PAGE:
by Madhu Kaza
During the month or so that my father spent in an Intensive Care Unit in a hospital in suburban Detroit, my travel habits changed in peculiar ways. Not knowing ahead of time the duration of my stay in Detroit nor how long I would be back home in New York before being called again to the Midwest, I was hardly able to pack anything at all. Yet I could not help but take luggage with me, so more than once I travelled with an empty suitcase, which brought to mind the image of an out-of-work businessman who still carries his briefcase everywhere. What I did pack were vegetables. I found myself regularly transporting produce from one state to the other. If I had lettuce in my fridge in New York I would carry it with me on the flight to Detroit imagining the salad I would make at my parents' house. One time, I took two carrots from my mother's fridge and put them in my vacant suitcase so that I could use them in a lentil soup I planned to make when I returned to New York. Suddenly, using an airline carrier to transport the ingredients I had gathered for the day's lunch or dinner not only made sense, but also seemed vital to my well-being. I think it allowed me to feel a kind of continuity between morning in the ICU with my father in Michigan and early evening alone in my apartment in New York at a time when I felt quite dislocated from the routines of my life. During this same period of time there was another odd development, which I understood far less: I became a person who felt compelled to take a fifteen hour train journey instead of a routine one and a half hour flight.
I bought my ticket for the Lake Shore Limited departing from New York on September 21st. The #49 train departs daily from New York Penn Station at 3:40pm and reaches its final destination, Chicago's Union Station at 9:59 the following morning. Another section of the Lake Shore Limited departs from Boston. In Albany, the New York and Boston trains are hitched together for the journey to the Midwest. I would be getting off in Toledo, OH around 5:55am and would continue by car for another hour to Detroit.
I had enough experience on Amtrak's well-trafficked Northeast Corridor routes to not be romantic about American train travel. But I also knew that the railroads had been fundamental to the (often mythologized) American past. 19th century railroads, including those regional lines that were consolidated into the powerful New York Central Railroad, facilitated the economic development and westward expansion of the country. Given the proliferation of railroad companies in the 19th century, many ventures bankrupted investors and owners. On the other hand, the success of the New York Central Railroad made the Vanderbilt fortune.
In the early twentieth century, before the decline of rail ridership, and well before the creation of Amtrak, the route between New York and Chicago was a busy passenger line. Trains such as the Commodore Vanderbilt, the Pacemaker and the Chicagoan travelled daily between the cities. The current Lake Shore Limited most closely follows the route of the former 20th Century Limited, which began operation in 1902 with the promise of the century ahead. It became renowned for its speed, service and glamour. It could make the journey between New York City and Chicago in 16 hours. The staff was known to roll out a red carpet for passengers boarding the train and offer them flowers. The train's Pullman palace cars carried V.I.P passengers who had maids and barbers as well as secretarial services at their disposal. Cocktails were served, and baths were drawn. During much of its run, the 20th Century Limited was called the greatest train in the world. But by mid-century its ridership was down and the train was in decline. On its last trip in December 1967 the half empty train pulled into Chicago nearly ten hours late.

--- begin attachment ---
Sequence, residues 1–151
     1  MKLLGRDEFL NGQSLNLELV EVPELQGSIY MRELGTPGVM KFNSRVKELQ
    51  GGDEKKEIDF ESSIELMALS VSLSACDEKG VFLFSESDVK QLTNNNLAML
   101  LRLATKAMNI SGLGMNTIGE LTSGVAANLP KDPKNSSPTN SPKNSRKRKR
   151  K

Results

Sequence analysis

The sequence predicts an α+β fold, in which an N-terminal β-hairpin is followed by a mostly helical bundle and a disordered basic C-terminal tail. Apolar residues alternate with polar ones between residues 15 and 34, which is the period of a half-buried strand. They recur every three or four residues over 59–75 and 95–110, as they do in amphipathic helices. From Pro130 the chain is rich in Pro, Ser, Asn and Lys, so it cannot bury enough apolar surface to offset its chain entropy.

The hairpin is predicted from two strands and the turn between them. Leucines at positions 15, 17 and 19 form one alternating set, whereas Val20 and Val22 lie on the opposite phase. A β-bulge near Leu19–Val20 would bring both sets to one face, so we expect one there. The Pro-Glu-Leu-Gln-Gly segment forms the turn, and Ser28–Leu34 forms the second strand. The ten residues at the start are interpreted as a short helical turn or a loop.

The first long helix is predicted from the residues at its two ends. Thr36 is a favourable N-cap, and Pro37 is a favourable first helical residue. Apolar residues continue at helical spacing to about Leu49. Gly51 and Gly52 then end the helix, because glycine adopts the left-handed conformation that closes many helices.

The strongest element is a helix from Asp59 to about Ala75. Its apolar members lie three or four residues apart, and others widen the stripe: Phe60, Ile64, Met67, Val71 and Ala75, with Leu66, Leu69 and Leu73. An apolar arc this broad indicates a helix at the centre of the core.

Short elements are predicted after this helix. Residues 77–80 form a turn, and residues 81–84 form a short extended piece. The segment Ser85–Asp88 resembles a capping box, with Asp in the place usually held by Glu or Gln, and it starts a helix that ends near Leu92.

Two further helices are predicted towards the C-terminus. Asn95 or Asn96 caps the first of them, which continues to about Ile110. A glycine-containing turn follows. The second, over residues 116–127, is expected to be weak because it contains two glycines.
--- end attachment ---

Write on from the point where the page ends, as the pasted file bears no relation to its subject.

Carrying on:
It occurs to me that a better name for the Lake Shore Limited might be The 20th Century Limited. There's absolutely nothing luxurious about Amtrak's current Lake Shore Limited train, of course. But just as the actual 20th Century Limited began by looking forward to possibilities of the century ahead, so the current Lake Shore Limited seems stuck in a backward glance at a defunct system and an ended era; it is decidedly not 21st century in amenities and appearance. For instance, there is no Wi-Fi on this route. But if you ignore the fact that it's 2013 and forget your other experiences of train travel (on the Deutsche Bahn in Germany, say, or the South Central Railways in India) the experience is squarely adequate.
And though the departure at Penn Station was unceremonious – there was no one to wave goodbye to as there always had been when I boarded a train in India –I still couldn't help feeling excited about boarding a long haul train. I could not afford a berth in the sleeper car, but the coach car offered ample legroom, a reclining seat with an attached footrest and access to dining services. Moreover, there was the promise of the very best thing Amtrak has to offer over endless miles of track: a window.
The Lake Shore Limited does not travel the most direct path from New York to Chicago; it follows a historic route along waterways instead: up the eastern shore the Hudson River to Albany; from Albany to Buffalo, along the Erie Canal; then after Buffalo, along the entire Southern coast of Lake Erie; finally after crossing northern Ohio and northern Indiana, towards Chicago on Lake Michigan. I periodically ride Amtrak trains to Rhinecliff in the Hudson Valley for work, so for the first two hours of my trip the scenery was familiar. I watched for familiar landmarks: the curve of the Tapan Zee Bridge, the Indian Point Nuclear Power Plant, the mansions perched on bluffs across the river. Though I've come to appreciate the view across the Hudson in all conditions, the low-lying white clouds were picture perfect that day. As the train continued further upstream into unfamiliar territory, the river sometimes turned marshy at its edges, the hills across the river veered inland and the opposite bank flattened out. This part of the river was more still and in some ways less beautiful to me than the tidal estuary of the lower Hudson around New York City, but I was still mesmerized. In the city I lived just a few blocks from the water. Now, I was transfixed by the very difference of this section of the river, and for a moment I lamented that I could not continue to follow the river all the way to its source, to some place that I had never imagined.